[Haskell-cafe] IO semantics and evaluation - summary

Gregg Reynolds dev at mobileink.com
Sat Feb 14 11:57:02 EST 2009

On Sat, Feb 14, 2009 at 9:15 AM, Stuart Cook <scook0 at gmail.com> wrote:

> From "Fixing Haskell IO":
> > We can summarize the SDIOH (Standard Definition of IO in Haskell)
> > as "a value of type IO a is a value, that performs, then delivers
> > a value of type a".
> I think you've already made a critical mistake here. The quotes you
> give all describe an IO value as something that "when performed"
> results in input/output, whereas your summary describes it as
> something "that performs". The original quotations suggest that some
outside agent interprets the values and performs the actions they
> denote, whereas it is your summary that has made the linguistic
> shift to values that dance about on tables of their own accord.

I see you point, and it perfectly illustrates the problem of ambiguity (
http://syntax.wikidot.com/blog:5).  "Action" and "Performance" are even more
ambiguous than "computation" and "evaluation".  The natural analog to the
SDIOH is theatrical performance.  Where is the action, on the page or on the
boards?  Who performs the action, the character or the thespian?  Whose
action is it?  Even if we settle on these questions, we have to account for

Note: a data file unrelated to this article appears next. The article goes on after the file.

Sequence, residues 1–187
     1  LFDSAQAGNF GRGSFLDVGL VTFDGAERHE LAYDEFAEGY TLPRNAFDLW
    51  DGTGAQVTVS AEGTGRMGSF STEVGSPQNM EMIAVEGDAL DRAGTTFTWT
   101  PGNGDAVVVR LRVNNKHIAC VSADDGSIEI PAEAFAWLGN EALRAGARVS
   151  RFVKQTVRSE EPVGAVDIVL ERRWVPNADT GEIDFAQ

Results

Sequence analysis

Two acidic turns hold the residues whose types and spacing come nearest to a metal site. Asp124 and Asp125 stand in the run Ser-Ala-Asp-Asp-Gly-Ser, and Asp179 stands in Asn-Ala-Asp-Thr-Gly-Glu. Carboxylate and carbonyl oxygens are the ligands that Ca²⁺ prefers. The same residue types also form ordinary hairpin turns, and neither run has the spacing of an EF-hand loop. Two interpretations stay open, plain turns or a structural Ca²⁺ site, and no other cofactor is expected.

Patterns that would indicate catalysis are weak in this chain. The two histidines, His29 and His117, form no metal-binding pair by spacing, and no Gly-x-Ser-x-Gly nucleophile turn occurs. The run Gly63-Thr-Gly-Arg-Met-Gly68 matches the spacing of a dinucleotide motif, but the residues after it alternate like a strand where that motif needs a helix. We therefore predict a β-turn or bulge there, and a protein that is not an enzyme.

"delivers a value".  What does the performance of the action of Hamlet
deliver?  Dead Polonius?  Catharsis?

In the end it doesn't matter how one interprets "action that is performed";
either way, there must be an agent.  No agent, no performance.  As you point
out, the SDIOH can be read as positing an "outside agent"; it can also be
read to posit the value itself as performer (which must interact with an
outside agent).  All of which leads to the very interesting philosophical
question of what a program process actually //is//: an agent acting on a
computer, or a script for the computer to enact (qua agent/thespian).
Either way the SDIOH effectively tries to incorporate action/agency into the
formal semantics.

My proposition is just that we avoid the whole mess by eliminating notions
like action,  performance, and delivery.  Split the semantics into internal
(standard denotational stuff) and external (interpretation, which can also
be represented mathematically), and you get a clearer, cleaner, simpler
picture with no philosophical complications.  I'm working on some diagrams
and simpler language; once I'm done I guess I'll find out.

> In my mind, Haskell programs never actually "do" anything. Instead
> they merely denote a value of type IO () that consists of tokens
> representing input/output primitives, glued together by pure
> functions. It is the job of the runtime to take that value and
> actually modify the world in the manner described by the program.

I wouldn't try to talk you out of whatever works for you.  Just scratching a
rather persistent itch about clear, simple, formal, complete representations
of the intersection of math and the world.


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